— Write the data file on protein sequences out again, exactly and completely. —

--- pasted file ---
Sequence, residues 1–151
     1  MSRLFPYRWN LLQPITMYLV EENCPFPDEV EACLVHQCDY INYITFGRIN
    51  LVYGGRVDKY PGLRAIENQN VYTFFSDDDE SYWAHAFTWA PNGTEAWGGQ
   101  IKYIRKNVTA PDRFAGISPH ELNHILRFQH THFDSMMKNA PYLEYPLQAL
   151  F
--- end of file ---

Sequence, residues 1–151
     1  MSRLFPYRWN LLQPITMYLV EENCPFPDEV EACLVHQCDY INYITFGRIN
    51  LVYGGRVDKY PGLRAIENQN VYTFFSDDDE SYWAHAFTWA PNGTEAWGGQ
   101  IKYIRKNVTA PDRFAGISPH ELNHILRFQH THFDSMMKNA PYLEYPLQAL
   151  F